US President Donald Trump has addressed a huge rally at a mega cricket stadium on his maiden official visit to India that is big on photo opportunities but likely short on substance.
Trade tensions have grown between the United States and India, the world’s fifth-biggest economy, as Trump’s “America First” drive collides with Prime Minister Narendra Modi’s protectionist “Make in India” mantra.
While sharing concerns about China and deepening their defence ties, India has bristled at Trump’s offer to mediate in the Kashmir dispute with Pakistan, and at unease in the US over a citizenship law criticised as anti-Muslim.
Visiting Modi’s home state of Gujarat, Trump and First Lady Melania visited India’s independence hero Mahatma Gandhi’s ashram, where Modi gifted him a “see no evil, hear no evil, speak no evil” three wise monkeys statue.
The two leaders then headed to a new cricket stadium – the biggest in the world – where Trump heaped praise on Modi as an “exceptional leader, a great champion of India” in front of a crowd of nearly 100,000.
“America loves India. America respects India, and America will always be faithful and loyal friends to the Indian people,” Trump told the ecstatic crowd, many in Trump-emblazoned baseball caps.
Name-checking Bollywood films and Indian cricketers, Trump – with an eye on elections in November – paid tribute to the four-million-strong Indian-American diaspora as “truly special people”.
“President Trump’s visit opens a new chapter in our relationship – a chapter that will document the progress and prosperity of the people of America and India,” Modi said.
“The whole world knows what President Trump has done to fulfil the dreams of America.”
Excited spectators had queued since 4am (22:30 GMT, Sunday) for the “Namaste Trump” rally, reciprocating a “Howdy Modi” event in Houston last year where Trump likened Modi to Elvis Presley.
Workers rushed to finish the stadium and a wall that locals said was to hide a slum. Stray dogs, cows and monkeys were also kept away.
“Events like these will galvanise people to start to cooperate in new initiatives,” said Pramit Maakoday, an Indian-American at the stadium.
Trump praised India’s economy and drew loud applause when he said Washington and New Delhi are “united in our iron-clad resolve to defend our citizens from the threat of radical Islamic terrorism”.
Later on Monday, Trump and Melania – dressed in an off-white jumpsuit and Indian sash alongside her husband in his usual suit and tie – flew to the iconic Taj Mahal for sunset before the main official talks on Tuesday.
Parts of the white marble “jewel of Muslim art”, according to the UNESCO, were given a mud-pack facial to remove stains, while efforts were made to lessen the stench of the adjacent river.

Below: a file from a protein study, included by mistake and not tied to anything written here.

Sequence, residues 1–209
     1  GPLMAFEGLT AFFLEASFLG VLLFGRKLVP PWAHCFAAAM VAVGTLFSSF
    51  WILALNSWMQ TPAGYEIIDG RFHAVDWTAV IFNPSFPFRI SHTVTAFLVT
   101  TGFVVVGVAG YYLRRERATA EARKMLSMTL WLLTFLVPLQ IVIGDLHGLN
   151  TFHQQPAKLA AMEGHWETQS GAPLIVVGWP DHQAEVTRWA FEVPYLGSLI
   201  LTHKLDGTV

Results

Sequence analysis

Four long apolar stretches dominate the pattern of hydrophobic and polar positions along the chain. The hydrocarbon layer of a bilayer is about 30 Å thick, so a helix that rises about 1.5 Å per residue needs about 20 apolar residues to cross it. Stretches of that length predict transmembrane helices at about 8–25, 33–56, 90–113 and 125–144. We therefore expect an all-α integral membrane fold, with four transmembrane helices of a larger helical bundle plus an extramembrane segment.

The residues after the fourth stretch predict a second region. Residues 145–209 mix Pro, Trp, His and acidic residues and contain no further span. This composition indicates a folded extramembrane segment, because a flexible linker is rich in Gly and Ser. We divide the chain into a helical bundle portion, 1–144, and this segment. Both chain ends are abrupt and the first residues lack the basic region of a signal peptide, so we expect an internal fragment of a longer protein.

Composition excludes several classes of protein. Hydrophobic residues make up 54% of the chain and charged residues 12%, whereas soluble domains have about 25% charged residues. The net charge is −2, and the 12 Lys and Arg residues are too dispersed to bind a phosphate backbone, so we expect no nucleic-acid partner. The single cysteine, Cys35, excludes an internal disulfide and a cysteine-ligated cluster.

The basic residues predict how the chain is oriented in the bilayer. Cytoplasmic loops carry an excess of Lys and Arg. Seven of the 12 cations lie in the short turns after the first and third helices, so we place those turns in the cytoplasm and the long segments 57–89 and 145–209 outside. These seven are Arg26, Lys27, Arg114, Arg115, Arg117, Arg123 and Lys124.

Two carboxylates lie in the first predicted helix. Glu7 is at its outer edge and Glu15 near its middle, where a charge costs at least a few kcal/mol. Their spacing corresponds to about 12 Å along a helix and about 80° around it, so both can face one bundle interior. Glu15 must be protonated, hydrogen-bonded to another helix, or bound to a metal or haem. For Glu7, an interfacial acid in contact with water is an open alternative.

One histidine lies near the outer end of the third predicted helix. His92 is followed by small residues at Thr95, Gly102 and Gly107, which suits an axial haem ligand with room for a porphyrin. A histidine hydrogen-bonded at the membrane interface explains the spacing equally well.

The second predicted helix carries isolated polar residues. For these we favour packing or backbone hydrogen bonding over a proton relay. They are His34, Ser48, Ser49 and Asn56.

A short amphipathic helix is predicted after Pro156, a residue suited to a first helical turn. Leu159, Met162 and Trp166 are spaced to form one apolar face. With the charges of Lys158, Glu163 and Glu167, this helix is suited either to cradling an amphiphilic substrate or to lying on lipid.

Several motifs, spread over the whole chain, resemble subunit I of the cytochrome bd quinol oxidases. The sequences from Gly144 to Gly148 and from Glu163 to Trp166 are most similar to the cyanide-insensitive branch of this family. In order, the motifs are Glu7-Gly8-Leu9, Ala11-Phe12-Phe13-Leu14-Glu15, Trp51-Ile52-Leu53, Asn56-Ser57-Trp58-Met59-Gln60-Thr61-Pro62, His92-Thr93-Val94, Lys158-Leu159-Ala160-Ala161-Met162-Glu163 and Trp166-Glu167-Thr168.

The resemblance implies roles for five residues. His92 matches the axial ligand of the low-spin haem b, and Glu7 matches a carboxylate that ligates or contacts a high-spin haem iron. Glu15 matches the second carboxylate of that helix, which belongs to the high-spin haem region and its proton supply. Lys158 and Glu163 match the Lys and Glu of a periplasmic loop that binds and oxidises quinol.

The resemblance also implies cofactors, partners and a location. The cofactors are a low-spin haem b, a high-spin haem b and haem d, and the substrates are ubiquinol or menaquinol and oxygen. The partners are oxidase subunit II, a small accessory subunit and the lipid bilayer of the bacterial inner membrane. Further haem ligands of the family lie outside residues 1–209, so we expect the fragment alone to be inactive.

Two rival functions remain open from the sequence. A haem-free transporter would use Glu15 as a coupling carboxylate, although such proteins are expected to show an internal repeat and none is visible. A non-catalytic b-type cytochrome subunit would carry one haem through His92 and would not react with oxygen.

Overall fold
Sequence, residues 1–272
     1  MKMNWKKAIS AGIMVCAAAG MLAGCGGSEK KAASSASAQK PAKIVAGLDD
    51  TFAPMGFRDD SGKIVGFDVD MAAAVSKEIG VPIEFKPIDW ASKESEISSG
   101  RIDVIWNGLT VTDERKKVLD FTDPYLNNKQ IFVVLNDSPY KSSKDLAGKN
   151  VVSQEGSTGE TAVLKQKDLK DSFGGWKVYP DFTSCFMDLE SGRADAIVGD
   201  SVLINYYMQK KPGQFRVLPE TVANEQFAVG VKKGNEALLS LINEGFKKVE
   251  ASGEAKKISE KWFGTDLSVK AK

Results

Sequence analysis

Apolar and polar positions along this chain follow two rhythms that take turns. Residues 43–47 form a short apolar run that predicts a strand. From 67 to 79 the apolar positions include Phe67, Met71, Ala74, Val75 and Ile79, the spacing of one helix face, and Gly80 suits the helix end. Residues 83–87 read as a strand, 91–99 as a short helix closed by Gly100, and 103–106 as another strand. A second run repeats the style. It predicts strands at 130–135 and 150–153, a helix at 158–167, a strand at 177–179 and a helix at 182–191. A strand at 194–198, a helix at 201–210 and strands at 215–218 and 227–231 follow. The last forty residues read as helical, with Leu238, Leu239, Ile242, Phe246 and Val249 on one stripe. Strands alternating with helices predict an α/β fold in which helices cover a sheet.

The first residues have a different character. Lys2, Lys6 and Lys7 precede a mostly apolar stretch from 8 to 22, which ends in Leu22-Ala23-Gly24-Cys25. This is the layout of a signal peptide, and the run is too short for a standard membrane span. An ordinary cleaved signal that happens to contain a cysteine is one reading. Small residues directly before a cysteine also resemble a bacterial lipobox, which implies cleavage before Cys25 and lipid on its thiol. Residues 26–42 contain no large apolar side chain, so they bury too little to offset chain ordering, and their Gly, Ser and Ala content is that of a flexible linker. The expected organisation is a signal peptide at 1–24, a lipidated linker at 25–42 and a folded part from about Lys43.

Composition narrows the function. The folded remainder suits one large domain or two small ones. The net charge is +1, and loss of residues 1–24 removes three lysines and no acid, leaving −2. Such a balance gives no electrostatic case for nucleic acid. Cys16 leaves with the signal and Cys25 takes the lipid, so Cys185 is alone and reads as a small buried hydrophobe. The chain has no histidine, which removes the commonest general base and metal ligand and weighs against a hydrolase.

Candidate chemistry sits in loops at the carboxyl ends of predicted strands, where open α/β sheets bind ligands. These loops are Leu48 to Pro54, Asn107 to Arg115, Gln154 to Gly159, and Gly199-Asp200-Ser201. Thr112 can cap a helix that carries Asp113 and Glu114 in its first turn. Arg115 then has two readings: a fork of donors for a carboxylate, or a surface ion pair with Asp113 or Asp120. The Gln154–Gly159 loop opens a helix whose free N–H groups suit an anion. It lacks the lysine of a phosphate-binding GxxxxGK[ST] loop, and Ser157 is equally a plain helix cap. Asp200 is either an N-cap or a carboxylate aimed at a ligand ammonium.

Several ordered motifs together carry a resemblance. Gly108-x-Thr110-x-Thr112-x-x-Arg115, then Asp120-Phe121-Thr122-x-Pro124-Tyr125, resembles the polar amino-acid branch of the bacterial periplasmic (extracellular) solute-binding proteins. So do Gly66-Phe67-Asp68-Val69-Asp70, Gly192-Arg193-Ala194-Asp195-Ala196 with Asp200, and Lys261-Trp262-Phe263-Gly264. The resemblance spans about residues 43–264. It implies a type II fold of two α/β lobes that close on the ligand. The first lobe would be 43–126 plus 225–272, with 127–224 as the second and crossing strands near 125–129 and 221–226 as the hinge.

Al Jazeera’s Elizabeth Puranam, reporting from Ahmedabad, Gujrat, said Trump praised “India, Indians and PM Modi”.
“He praised India, Indians and PM Modi, starting from India’s ancient spiritual traditions and Bollywood, to India’s greatest cricket players, getting huge cheers from the crowd.
“Interesting though, perhaps the biggest cheer from the 100,000-plus peoplewas when he spoke about working closely with Pakistan to fight what he called terrorism. This gives you an idea about what this crowd wanted to hear. He certainly said all the right things.”
“There was no mention of the Citizenship law…which has seen two months of protests, which Modi is likely to bring out in private.”
Behind the platitudes and blossoming bromance between the two leaders lies a fraught relationship worsened by the trade protectionism of both governments.
Trump has called India the “tariff king”, and said before his visit that Asia’s third-largest economy had been “hitting us very, very hard for many, many years”.
Rather than a wide-ranging trade deal, reports said, Trump and Modi may instead sign smaller agreements covering products such as Harley-Davidson motorcycles and US dairy products.
“We are in the early stages of discussions for an incredible trade agreement,” Trump told the rally, calling Modi a “very tough negotiator”.
The two men were expected to sign a number of defence deals during the visit, and to discuss the supply of six nuclear reactors.
Russia, however, remains India’s biggest supplier in arms, with New Delhi having agreed to buy Moscow’s $5.4bn S-400 missile defence system despite the threat of US sanctions.
The US has pressured India to stop buying Iranian oil, while US businesses have raised concerns over New Delhi’s plans to force foreign firms to store Indian consumers’ personal data inside the country.
In the US, India has faced criticism over its clampdown in Indian-administered Kashmir and the recently passed citizenship law that has led to ongoing protests across the nation, including in New Delhi on Sunday and Monday.
Ahead of Trump and Modi’s meeting, Amnesty International India and Amnesty International USA, issued a joint statement.
“Anti-Muslim sentiment permeates the policies of both US and Indian leaders. For decades, the US-India relationship was anchored by claims of shared values of human rights and human dignity. Now, those shared values are discrimination, bigotry, and hostility towards refugees and asylum seekers,” said Margaret Huang, Amnesty International USA’s executive director.
“The internet and political lockdown in Kashmir has lasted for months and the enactment of CAA and the crackdown on protests has shown a leadership that is lacking empathy and a willingness to engage. We call on President Trump and Prime Minister Modi to work with the international community and address our concerns in their bilateral conversations,” said Avinash Kumar, Executive Director, Amnesty International India.
A senior US administration official told reporters Trump would raise concerns about religious freedom in the Hindu-majority nation during the trip, “which is extremely important to this administration”.